Hernia surgery today is much more advanced than even five years ago. The use of laparoscopic surgery techniques and the newest, lightweight meshes (if needed), often allow patients to heal faster, in less pain, and have a more cosmetic outcome. Patients who are deciding on where to have hernia surgery should make sure that their surgeon has all the tools available to offer the most state-of-the-art techniques and mesh to their patients.
- Where the hernia is located: inguinal hernias (groin hernia), umbilical hernias (belly button hernia), as well as less common incisional, femoral and ventral hernias
- How the hernia is repaired: traditional open repair or laparoscopic
- They can be further classified as: unilateral (one side of the body), bilateral (both sides of the body), or recurrent (after a prior surgical repair)
i.e. Laparoscopic, bilateral, inguinal hernia repair
Open versus Laparoscopic Hernia Repair
The two major types of hernia surgery are traditional open surgery, and laparoscopic surgery. No one approach is suitable for every patient. Patients with certain types of hernias may benefit from open hernia surgery while another similar patient may need laparoscopic hernia repair. The size of the hernia, the location, and whether it is unilateral or bilateral influences the best approach. Patients should read our "Comparison of Open & Laparoscopic Surgery" page to read the pro's and con's of each type of surgery.Tension Free Repair
The term 'tension free' hernia repair is commonly used to describe hernia surgery. Hernias are caused by a weakening of the abdominal muscles. Some surgeons choose to sew the muscles back together, thus causing 'tension' on the muscles around the hernia. However, the muscles around a hernia are already weak, and over time those muscles tend to pull apart and the hernia can recur, or come back. Therefore, most hernia specialists today utilize a mesh to help strengthen the muscles. When using a mesh, the muscles themselves are not sewn together (see below). Instead, a mesh is placed over or under the hole in the muscle to prevent anything from pushing through the abdominal wall.
Some patients have heard or read negative information about mesh surgery. However, the unbiased government agency The National Institutes of Health performed a study of whether mesh should or should not be used for hernia surgery. Read the article by clicking on the logo to the right. While there are some risks with mesh, by utilizing the newest mesh available, these risks are minimized.
Patients can read more on our "Truths About Hernia Mesh" page.
Dr. Harris specializes in surgical repair for all hernia types. For patients who require a laparoscopic surgery, Dr. Harris commonly performs these procedures. When performing a tension free mesh hernia repair, Dr. Harris uses the latest and most advanced lightweight mesh available which significantly reduces pain and discomfort after the surgery. Many surgeons still use mesh which was invented 10 years ago which can increase the chances of post operative mesh pain. Today's advanced mesh reduces those risks to almost zero.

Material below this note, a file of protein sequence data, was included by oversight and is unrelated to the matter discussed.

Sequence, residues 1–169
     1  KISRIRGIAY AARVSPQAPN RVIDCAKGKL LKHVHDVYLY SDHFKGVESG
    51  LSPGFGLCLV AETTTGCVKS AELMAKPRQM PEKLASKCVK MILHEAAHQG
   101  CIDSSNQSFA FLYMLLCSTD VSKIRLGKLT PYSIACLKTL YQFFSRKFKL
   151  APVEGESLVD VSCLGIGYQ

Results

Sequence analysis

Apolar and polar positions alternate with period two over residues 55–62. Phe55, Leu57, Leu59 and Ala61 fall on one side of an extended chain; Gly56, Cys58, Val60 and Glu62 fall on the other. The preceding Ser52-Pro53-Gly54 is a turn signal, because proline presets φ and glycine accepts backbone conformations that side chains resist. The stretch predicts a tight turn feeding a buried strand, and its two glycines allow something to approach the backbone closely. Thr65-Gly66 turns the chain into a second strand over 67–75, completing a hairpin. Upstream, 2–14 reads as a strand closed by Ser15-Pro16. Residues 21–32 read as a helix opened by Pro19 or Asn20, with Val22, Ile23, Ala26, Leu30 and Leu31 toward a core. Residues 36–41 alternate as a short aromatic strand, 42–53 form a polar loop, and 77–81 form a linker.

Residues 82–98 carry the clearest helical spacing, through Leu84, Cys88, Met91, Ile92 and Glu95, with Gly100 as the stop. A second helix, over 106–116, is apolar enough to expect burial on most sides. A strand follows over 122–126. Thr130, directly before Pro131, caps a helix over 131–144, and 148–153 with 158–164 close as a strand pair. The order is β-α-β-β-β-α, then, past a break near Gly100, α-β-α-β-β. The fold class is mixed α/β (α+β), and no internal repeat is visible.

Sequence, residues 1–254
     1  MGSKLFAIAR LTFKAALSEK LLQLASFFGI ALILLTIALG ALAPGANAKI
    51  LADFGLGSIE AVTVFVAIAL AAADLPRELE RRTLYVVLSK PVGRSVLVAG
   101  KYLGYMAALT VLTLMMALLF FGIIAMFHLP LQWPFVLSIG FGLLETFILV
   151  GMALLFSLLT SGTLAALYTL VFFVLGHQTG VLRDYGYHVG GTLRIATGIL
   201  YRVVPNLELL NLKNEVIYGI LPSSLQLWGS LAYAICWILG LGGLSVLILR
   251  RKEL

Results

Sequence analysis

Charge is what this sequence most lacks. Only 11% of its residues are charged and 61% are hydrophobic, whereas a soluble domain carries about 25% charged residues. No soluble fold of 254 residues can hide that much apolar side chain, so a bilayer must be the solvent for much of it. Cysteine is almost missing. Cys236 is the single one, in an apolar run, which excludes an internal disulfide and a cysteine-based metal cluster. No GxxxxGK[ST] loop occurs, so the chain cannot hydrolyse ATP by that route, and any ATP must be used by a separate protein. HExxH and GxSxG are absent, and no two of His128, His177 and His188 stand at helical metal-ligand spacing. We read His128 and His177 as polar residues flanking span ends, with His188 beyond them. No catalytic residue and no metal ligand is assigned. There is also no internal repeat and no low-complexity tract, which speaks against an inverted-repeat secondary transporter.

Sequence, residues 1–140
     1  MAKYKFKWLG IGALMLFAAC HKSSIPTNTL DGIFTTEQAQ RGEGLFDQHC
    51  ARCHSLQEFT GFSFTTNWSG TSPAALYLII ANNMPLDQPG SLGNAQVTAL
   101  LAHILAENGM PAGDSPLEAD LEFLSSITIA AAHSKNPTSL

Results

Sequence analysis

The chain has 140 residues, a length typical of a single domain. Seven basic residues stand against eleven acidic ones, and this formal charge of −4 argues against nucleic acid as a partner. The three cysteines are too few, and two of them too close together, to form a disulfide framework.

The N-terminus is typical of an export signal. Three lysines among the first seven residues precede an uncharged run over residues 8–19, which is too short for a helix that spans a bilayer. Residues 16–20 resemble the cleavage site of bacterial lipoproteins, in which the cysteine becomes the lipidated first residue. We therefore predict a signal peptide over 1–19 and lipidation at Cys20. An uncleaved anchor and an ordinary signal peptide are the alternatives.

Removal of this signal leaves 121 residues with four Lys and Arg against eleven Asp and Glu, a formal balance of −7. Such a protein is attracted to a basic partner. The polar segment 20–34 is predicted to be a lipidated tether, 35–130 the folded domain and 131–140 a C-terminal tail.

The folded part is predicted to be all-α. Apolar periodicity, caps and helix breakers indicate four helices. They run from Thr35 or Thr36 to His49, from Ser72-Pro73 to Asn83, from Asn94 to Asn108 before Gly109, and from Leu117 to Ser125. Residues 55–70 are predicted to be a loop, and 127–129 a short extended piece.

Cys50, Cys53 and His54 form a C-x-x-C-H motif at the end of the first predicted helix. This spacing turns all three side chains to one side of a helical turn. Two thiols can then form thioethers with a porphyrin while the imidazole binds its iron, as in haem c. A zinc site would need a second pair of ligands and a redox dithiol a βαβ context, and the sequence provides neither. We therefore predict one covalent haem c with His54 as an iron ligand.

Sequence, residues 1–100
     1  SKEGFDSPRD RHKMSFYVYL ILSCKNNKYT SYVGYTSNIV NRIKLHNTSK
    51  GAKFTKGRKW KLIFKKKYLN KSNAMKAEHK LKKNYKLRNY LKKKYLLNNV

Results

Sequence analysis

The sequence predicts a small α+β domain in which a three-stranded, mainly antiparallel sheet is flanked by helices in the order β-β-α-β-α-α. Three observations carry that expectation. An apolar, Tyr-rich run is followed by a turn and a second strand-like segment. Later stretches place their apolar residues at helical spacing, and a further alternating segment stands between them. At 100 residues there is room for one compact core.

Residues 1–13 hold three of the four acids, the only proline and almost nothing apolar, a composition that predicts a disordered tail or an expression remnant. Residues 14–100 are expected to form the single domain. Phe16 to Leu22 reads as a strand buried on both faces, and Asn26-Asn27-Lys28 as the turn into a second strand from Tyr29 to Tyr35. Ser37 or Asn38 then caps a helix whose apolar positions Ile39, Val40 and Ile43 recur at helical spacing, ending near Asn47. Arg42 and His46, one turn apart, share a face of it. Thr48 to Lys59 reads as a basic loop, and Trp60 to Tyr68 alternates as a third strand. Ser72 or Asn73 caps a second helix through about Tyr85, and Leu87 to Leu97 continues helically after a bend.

Although basic open surgical hernia repair is still an important option for some patients, every patient should consider being seen by a surgeon who can perform advanced laparoscopic hernia surgery and who uses the newest lightweight mesh. Only a small handful of the hundreds of general surgeons in Orange County, Los Angeles, Riverside and San Diego have the experience to perform hernia surgeries using laparoscopic techniques and use cutting edge lightweight mesh.
Important points to consider when choosing a hernia surgeon:
- The newest, advanced lightweight mesh can reduce not only recurrence rates for hernias, but also reduces the chance of postoperative mesh pain to almost zero.
- Being treated at a specialized hernia center with an in-house accredited ASC provides the highest quality care before, during, and after your hernia surgery.
- Patients should be seen by a surgeon who can offer all forms of hernia surgery, including open lightweight mesh techniques, as well as advanced laparoscopic techniques. This ensures the surgeon can offer the best technique tailored for each patient.
- Costs for uninsured patients are approximately $1500 for the surgeon fees, and $2000 for the surgery center fees (including OR time, materials, and recovery) for a total of approximately $3500.
- Some laparoscopic patients experience less pain post-operatively and may be able to return to normal activities sooner (when compared to traditional hernia repair). Laparoscopic hernia surgery can result in better patient experiences for some patients.
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Dr. Harris sees patients from all over Southern California, the greater US, and Canada. Our Newport Beach office is conveniently located in Central Orange county adjacent to John Wayne Airport between the 405, 73, and 55 highways.
Our office staff are experienced in verifying insurance coverage for each patient, as well as offering excellent pricing for patients without insurance (see costs above). We are happy to discuss all forms of payments with patients as needed.